Dinah speaks these lines in Part Two, Chapter Eight, as she verbally attacks and curses her father, Jacob, for his hand in the slaughter of Shechem. Dinah has just been carried out of her murdered husband’s bed by her brothers Levi and Simon and forcibly returned to her family’s camp. In an uncharacteristic move, Dinah acts blindly and authoritatively, going to Jacob to accuse him of his responsibility in the mass murder of Shechem’s men. Though he denies participation in the massacre, she glimpses the guilt in his eyes. As the only daughter of her family, Dinah has had very little contact with Jacob up until this point. In fact, in one passage in the previous chapter, Jacob muses that he cannot quite conjure up the image of Dinah’s face, since he only has a vague impression of her appearance. Dinah is the first person in the novel to stand up to Jacob.
This quote is the first real interaction Dinah has with her father as an adult. Dinah’s marriage and skills as a midwife have made her a woman in the eyes of her community, even though she is probably just fourteen years old. She stands before her guilty father and finds that she looks at him with the clear eyes of an equal. She draws upon a well of power within herself as she curses Jacob and leaves the camp immediately after, planning never to return. Her words find their mark: after this time, Jacob’s luck does indeed change. He changes his name to Isra’El so that he will not be recognized as the “butcher of Shechem.” This moment marks the beginning of Dinah’s own adventure in the novel, and from now on she acts not as a child of her mothers but as her own woman, leaving behind everything she has ever known to travel to a new land and begin a new life.
4. Why had no one told me that my body would become a battlefield, a sacrifice, a test? Why did I not know that birth is the pinnacle where women discover the courage to become mothers?
This quote is from Dinah’s narration in Part Three, Chapter One, as she gives birth to her son. As soon as Dinah goes into labor, her first thought is to cry out for her mothers. In the tradition of her people, women in childbirth are always surrounded by their mothers and sisters. She feels very alone without the familiar faces of Leah and Rachel and without anyone to speak to her in her native tongue. Dinah has served as a midwife and seen the terror and pain on women’s faces, but she had always assumed she would do better when her time came. However, during her own experience of childbirth, she learns the reason why delivery is so difficult: it prepares women for a lifetime of sacrifice and selfless giving as mothers. She experiences firsthand both the fear of death and the power of another woman in the room as she calls her name and encourages her. Dinah finds a source of strength from her mothers in her labor, remembering the teachings of Inna and Rachel. Armed with this knowledge, she instructs the midwife to cut her and pull the baby out. With the memory of her mothers, she finds the courage within her to become a mother herself.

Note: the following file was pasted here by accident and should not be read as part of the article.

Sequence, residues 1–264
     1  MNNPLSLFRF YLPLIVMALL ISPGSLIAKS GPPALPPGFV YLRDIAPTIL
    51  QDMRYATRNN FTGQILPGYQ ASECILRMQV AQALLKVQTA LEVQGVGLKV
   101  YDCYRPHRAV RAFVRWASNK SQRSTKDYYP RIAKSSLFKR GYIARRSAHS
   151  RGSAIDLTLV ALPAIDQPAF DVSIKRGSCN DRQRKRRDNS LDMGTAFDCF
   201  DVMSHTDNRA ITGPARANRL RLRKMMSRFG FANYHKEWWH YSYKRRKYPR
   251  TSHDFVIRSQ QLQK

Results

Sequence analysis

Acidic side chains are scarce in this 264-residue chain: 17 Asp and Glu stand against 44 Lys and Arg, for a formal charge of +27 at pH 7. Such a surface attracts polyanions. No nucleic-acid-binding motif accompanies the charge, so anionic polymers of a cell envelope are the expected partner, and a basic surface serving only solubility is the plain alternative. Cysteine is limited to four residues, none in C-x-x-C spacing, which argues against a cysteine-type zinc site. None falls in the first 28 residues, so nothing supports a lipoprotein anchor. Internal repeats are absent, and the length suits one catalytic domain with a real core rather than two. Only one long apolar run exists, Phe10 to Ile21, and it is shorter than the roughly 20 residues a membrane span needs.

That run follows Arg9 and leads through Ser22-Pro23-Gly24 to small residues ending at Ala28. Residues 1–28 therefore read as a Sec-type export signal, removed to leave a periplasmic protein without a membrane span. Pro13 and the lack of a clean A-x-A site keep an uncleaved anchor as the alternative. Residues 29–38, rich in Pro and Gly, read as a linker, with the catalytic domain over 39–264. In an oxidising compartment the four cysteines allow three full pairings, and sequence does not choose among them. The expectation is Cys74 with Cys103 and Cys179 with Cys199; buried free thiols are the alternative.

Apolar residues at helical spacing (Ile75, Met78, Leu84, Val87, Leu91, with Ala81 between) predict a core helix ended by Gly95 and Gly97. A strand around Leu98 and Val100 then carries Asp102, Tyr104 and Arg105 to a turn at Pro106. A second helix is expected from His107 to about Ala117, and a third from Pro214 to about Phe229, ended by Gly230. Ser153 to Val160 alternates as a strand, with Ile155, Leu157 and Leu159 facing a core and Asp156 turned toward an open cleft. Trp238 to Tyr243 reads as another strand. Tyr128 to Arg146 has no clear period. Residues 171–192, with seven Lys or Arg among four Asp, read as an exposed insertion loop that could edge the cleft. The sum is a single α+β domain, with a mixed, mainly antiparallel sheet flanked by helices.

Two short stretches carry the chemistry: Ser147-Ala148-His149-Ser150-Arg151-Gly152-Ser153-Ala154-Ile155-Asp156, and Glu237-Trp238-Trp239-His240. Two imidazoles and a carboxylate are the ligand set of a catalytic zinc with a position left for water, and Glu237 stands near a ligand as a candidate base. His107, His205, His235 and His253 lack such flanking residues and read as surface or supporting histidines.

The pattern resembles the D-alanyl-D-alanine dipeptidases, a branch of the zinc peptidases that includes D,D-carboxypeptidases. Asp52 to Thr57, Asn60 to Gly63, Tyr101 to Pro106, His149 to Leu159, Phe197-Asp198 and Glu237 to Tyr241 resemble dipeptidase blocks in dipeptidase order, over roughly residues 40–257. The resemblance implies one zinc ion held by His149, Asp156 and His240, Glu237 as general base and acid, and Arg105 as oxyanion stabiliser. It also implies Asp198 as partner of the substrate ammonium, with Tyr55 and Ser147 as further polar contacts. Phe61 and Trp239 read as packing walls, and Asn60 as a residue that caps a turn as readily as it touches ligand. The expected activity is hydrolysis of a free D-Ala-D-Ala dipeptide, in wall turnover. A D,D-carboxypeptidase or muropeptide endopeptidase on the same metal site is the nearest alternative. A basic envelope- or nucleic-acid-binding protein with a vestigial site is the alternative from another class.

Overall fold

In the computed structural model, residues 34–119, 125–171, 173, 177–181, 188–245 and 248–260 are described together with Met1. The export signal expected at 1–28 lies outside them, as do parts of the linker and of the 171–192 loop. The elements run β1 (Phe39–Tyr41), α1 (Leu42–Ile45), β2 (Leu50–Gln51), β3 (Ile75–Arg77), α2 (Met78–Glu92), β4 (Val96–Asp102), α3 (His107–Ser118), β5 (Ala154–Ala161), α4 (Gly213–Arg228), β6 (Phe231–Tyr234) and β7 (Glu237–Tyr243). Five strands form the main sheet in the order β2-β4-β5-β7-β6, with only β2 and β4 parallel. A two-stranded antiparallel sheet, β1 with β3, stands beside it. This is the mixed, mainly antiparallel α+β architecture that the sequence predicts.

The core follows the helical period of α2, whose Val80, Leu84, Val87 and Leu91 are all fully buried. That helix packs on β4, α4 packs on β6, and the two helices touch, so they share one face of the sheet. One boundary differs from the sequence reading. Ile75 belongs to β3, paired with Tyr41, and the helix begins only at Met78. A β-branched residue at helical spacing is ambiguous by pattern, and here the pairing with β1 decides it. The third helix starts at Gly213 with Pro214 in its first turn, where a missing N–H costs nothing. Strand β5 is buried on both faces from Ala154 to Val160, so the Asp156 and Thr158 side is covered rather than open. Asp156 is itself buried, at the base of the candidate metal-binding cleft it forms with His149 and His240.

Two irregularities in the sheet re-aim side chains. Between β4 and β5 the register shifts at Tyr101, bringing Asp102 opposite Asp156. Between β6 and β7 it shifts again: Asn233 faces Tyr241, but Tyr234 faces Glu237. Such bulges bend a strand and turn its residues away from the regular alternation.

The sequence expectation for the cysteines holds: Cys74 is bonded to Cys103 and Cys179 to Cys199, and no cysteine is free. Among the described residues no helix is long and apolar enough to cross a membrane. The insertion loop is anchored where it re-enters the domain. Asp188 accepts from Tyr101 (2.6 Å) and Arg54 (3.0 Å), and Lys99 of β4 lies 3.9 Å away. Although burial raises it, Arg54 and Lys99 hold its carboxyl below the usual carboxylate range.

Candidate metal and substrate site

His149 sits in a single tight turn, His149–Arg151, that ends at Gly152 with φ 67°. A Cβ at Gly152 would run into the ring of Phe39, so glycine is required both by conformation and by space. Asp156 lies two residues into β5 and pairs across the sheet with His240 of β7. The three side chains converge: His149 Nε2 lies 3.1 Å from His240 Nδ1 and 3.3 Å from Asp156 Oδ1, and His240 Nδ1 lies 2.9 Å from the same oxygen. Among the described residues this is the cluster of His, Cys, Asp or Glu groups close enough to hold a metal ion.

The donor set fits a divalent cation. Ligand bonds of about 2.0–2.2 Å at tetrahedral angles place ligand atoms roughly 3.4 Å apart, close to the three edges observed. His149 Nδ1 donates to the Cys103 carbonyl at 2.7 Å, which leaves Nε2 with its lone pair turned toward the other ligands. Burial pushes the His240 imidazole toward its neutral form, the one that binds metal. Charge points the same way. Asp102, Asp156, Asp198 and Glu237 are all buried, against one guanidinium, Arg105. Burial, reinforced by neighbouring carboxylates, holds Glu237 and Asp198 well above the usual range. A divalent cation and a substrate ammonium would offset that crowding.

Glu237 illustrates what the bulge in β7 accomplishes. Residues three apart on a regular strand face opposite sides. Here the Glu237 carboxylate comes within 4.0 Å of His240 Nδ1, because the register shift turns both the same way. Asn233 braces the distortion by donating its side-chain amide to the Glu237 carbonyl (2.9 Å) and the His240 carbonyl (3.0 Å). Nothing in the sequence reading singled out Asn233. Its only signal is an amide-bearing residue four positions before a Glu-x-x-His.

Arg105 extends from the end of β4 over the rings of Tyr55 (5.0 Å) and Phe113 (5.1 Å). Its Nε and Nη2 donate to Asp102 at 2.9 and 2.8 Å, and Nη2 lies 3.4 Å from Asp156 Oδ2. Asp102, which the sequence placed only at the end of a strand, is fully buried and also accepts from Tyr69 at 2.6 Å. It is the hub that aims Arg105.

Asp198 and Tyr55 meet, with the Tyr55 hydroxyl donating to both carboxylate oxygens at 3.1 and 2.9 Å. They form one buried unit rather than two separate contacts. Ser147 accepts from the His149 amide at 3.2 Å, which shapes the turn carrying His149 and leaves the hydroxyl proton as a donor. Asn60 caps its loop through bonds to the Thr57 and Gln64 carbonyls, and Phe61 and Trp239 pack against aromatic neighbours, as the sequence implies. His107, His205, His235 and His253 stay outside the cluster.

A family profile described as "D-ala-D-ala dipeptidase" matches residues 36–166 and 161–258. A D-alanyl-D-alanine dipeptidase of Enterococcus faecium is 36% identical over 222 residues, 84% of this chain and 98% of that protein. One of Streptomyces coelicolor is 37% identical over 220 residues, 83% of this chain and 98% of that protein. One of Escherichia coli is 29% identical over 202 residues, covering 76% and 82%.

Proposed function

5. My husband’s words found their mark, and I recalled something that Zilpah had told me when I was a child in the red tent, and far too young to understand her meaning. “We are all born of the same mother,” she said. After a lifetime, I knew that to be true.
This quote is from Dinah’s narration at the very end of the novel in Part Three, Chapter Five. Dinah has just returned home from visiting her family’s camp with Joseph after many years away. There she encountered Judah, who gave her Rachel’s ring, a gift passed on from Leah. Ever since she received the ring, Dinah has tried to understand why Leah would leave her a token of Jacob’s love for Rachel. Benia believes it is because Leah found peace with sharing her husband. Leah wanted Dinah to know that, despite the conflicts between the sisters, they loved one another and especially loved Dinah. Dinah understands that as women they are connected to one another as derivations of the great goddess, a fact that supersedes individual wants and needs. Dinah is as much Rachel’s daughter as she is Leah’s and Zilpah’s and Bilhah’s, because they all share the same relationship with the goddesses and the Earth. In Meryt, Dinah has been lucky enough to find yet another mother during her life. Dinah realizes that their love indeed unites them and makes them all one.